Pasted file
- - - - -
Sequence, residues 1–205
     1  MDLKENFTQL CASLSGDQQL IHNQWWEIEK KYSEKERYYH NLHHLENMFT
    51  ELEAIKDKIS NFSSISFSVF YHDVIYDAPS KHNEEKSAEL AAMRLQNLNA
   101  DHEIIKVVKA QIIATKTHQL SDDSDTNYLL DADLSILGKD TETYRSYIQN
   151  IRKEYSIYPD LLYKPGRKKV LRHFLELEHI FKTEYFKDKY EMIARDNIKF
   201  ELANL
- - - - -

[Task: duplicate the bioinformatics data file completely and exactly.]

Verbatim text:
Sequence, residues 1–205
     1  MDLKENFTQL CASLSGDQQL IHNQWWEIEK KYSEKERYYH NLHHLENMFT
    51  ELEAIKDKIS NFSSISFSVF YHDVIYDAPS KHNEEKSAEL AAMRLQNLNA
   101  DHEIIKVVKA QIIATKTHQL SDDSDTNYLL DADLSILGKD TETYRSYIQN
   151  IRKEYSIYPD LLYKPGRKKV LRHFLELEHI FKTEYFKDKY EMIARDNIKF
   201  ELANL